I remember once hearing that people wrote utopian stories during the bad times, when people needed a unified vision of the kind of world they wanted to be in. Conversely, people wrote dystopian stories during the good times so that we would never forget how bad things could get. I don’t know if any of that is true, but, more importantly, I want to know why people write weird alternate histories with massive diesel powered mechs, because I want more of that.
The long awaited, Kickstarter fueled Iron Harvest has released with all of the stompy, rusty mechs you could want in your real time strategy adventures. Not only that, but it also packs some far fleshier units and some interesting tactical mechanics in as well.
If you’re unfamiliar with the concept here, Iron Harvest takes place in the 1920+ universe, offering 3 faction campaigns with some differences between the two. 1920+ is fairly similar to our own history except instead pf building tanks, mankind took the less practical but far cooler option of building big, diesel powered, bipedal war machines. It’s the same universe as the popular board game Scythe or a plethora of art you might stumble across on the internet. It’s certainly an interesting fiction and I always enjoy a good alternate history.
You would think that with such an interesting setting that the story of Iron Harvest would be front and center. While what there is is perfectly enjoyable, the game doesn’t really go to any new or exciting places with its narrative. With three different factions there are stories about an uprising in the oppressed working class, cruel occupiers seeking to keep that uprising down, and huge powers seeking to expand. All fine stories, truth told, but certainly nothing particularly ground-breaking and certainly not anything taking full advantage of the novel universe.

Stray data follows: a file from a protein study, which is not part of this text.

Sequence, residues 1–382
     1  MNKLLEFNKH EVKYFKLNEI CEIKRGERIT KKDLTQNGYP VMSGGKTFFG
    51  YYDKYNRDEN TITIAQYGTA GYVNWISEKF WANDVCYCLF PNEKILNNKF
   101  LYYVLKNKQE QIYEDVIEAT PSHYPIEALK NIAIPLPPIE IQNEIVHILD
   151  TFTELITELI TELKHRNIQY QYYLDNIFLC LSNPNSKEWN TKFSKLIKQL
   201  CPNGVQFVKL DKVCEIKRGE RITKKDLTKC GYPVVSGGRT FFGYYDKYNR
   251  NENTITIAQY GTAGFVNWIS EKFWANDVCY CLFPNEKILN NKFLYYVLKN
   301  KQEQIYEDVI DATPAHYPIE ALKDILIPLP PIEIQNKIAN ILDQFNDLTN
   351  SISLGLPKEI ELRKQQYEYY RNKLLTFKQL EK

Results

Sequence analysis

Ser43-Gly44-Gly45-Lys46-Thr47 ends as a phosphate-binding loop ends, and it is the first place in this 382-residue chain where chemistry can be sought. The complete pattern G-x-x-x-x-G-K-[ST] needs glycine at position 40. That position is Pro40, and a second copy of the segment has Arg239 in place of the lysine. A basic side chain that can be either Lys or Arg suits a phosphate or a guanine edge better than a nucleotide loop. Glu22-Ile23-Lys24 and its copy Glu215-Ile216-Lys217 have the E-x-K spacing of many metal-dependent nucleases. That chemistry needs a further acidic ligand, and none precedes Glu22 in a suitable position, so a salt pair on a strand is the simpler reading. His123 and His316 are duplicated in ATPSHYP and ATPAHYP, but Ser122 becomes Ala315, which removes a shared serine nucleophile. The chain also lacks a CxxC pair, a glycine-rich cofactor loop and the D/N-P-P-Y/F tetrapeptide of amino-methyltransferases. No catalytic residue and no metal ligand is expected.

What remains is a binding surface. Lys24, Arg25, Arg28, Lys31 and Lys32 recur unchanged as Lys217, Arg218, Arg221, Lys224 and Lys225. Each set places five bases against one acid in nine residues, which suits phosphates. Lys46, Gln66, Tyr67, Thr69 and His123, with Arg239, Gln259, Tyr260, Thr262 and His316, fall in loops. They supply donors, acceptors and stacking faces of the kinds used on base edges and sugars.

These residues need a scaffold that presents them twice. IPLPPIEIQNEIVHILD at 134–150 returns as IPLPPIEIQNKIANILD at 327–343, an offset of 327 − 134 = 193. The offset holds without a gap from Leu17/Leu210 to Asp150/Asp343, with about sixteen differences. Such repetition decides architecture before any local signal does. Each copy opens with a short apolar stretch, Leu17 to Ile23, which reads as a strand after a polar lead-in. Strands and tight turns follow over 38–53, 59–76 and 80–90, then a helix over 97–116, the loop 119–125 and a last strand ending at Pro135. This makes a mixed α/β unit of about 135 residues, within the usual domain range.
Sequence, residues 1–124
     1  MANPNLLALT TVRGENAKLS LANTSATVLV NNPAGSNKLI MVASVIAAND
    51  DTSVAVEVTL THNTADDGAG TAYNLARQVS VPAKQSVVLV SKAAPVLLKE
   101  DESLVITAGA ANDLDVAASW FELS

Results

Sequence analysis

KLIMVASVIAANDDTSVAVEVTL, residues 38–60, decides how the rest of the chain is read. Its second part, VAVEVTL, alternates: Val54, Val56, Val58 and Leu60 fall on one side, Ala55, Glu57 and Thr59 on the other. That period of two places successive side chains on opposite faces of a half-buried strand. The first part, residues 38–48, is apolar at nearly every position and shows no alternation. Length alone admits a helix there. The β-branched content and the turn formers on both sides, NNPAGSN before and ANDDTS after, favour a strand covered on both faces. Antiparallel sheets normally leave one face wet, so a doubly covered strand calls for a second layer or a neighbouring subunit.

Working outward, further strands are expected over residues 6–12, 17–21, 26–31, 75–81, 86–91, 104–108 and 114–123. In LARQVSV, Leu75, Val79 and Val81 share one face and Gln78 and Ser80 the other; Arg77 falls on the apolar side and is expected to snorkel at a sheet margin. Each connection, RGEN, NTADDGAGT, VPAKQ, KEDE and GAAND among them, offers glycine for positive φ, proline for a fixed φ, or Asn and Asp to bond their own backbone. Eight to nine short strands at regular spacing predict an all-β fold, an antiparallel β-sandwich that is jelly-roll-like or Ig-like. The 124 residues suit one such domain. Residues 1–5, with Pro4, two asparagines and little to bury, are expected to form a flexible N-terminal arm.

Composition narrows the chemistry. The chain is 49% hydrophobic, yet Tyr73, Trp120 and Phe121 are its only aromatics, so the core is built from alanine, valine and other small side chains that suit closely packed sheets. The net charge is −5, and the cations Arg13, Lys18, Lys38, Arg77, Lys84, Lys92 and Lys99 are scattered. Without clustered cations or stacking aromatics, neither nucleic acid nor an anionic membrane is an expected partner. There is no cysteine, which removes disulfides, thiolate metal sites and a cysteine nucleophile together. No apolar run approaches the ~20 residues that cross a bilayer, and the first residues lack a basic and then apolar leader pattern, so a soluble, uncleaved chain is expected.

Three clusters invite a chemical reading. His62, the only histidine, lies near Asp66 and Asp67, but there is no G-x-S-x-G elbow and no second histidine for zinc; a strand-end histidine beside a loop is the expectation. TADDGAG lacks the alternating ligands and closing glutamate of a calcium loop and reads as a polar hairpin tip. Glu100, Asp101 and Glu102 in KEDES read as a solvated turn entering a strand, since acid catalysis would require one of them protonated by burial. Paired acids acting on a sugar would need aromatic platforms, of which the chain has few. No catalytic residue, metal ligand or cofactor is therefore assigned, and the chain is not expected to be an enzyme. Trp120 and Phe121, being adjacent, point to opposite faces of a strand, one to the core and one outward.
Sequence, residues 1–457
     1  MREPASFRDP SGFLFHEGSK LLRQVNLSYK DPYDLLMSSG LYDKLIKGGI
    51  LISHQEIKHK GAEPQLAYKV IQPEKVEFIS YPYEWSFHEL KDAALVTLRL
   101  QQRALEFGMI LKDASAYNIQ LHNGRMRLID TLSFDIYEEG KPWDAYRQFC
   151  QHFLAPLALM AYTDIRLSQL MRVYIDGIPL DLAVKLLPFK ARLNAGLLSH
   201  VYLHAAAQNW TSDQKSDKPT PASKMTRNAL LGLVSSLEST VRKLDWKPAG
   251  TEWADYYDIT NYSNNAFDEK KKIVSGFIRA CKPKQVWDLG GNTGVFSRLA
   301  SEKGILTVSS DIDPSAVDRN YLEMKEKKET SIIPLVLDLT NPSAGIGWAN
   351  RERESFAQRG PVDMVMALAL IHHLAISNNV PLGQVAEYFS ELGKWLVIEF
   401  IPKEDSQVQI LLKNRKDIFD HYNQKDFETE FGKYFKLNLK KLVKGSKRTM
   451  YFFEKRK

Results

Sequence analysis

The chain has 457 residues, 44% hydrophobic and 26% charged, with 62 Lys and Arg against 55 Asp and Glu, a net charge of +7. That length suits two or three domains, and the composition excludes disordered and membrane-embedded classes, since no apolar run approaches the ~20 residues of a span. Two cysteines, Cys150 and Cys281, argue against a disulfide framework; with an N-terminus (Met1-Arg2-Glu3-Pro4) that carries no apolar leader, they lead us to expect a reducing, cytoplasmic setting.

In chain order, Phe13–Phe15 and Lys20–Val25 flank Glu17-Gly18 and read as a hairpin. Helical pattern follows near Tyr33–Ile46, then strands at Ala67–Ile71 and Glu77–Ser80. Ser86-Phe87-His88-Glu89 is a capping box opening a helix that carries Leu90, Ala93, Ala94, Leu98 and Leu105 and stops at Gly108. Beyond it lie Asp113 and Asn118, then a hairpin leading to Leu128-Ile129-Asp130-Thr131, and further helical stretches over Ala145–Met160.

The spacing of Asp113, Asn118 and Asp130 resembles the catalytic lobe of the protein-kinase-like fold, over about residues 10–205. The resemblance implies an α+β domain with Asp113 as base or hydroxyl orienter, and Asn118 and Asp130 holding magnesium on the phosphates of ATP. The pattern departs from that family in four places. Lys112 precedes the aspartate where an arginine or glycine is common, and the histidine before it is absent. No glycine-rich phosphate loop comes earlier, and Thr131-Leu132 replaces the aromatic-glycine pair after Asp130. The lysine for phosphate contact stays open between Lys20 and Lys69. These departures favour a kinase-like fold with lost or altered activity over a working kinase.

One might think that with the narrative being so standard that the focus of Iron Harvest is likely in the gameplay, and that seems to be the intention here. Iron Harvest keeps its inspirations pretty clear, and fans of the Company of Heroes games will certainly feel at home here. Human units are cheap and versatile, and can easily change classes by picking up a different weapon from a downed soldier or supply cache, opening up new strategies or abilities. That and the ability to stack against cover or inside buildings, brings up some interesting tactical plays that can really turn the tides in any battle. Unfortunately, that’s about as complex as any one exchange of gunfire gets. With the right equipment and the right positioning any fight is going to be fairly straight forward, even if your opponent brought their big bad battle bots to a gun fight. The enemy’s AI certainly won’t do much to save them, often leaving their units out of cover and unprotected, which can leave battles feeling a little anticlimactic.
Truly, the stars of this game are the big oil drinking robots. These building destroying hunks of rusting metal look absolutely lovely and the power that they command can really be awe inspiring. While their presence can certainly turn the tides of any given fight, they are not the impenetrable walking fortresses that they appear to be as good positioning can be a devastating blow to any slow, bulky monstrosity.
I know that I’m coming off extremely negative towards Iron Harvest¸ but in honesty I really do enjoy the game. Missions are focused, fast (At least for an RTS), and full of interesting tactical decisions. The game does not really muck around with much in the way of base building or resource management, with most of your valuable good coming from controlling points, and it leads to a much more focused, blitz style approach.
Iron Harvest’s developers have even continued to support the game after release, adding more multiplayer maps and whatnot to the game. This seems to be the approach KING will continue to take with the game, with seasonal rewards and various unlockable goodies throughout. Unfortunately, with so much more coming the game currently feels a bit like it was rushed to release and that the product suffered for it; ironically, a poor strategy to employ in a strategy heavy game.
I genuinely like Iron Harvest, but it’s hard not to think about the game that it could have been. What is here is plenty fun, but, unless future support really changes things up or improves the dim-witted AI, I worry that these lovely murder machines might sit on the sidelines to gather even more rust.